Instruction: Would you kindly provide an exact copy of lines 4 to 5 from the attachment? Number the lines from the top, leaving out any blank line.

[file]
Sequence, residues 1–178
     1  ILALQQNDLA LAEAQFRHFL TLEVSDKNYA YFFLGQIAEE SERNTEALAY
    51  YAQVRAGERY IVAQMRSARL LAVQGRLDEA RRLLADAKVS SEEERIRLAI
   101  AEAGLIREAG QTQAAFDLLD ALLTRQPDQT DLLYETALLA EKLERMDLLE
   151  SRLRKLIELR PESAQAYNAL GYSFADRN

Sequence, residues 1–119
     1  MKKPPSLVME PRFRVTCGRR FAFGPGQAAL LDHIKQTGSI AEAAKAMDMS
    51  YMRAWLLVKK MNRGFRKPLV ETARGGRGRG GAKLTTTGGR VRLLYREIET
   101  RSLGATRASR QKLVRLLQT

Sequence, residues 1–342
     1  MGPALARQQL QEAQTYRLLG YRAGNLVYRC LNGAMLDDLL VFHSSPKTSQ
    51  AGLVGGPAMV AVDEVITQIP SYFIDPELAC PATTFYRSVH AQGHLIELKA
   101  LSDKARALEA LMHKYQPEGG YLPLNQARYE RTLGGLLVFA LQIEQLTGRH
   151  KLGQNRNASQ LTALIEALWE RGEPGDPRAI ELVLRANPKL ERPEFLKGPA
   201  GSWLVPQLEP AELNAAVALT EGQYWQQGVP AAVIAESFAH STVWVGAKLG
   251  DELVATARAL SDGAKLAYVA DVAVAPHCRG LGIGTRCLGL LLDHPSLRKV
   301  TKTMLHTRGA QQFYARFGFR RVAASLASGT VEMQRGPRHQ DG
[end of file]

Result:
   101  AEAGLIREAG QTQAAFDLLD ALLTRQPDQT DLLYETALLA EKLERMDLLE
   151  SRLRKLIELR PESAQAYNAL GYSFADRN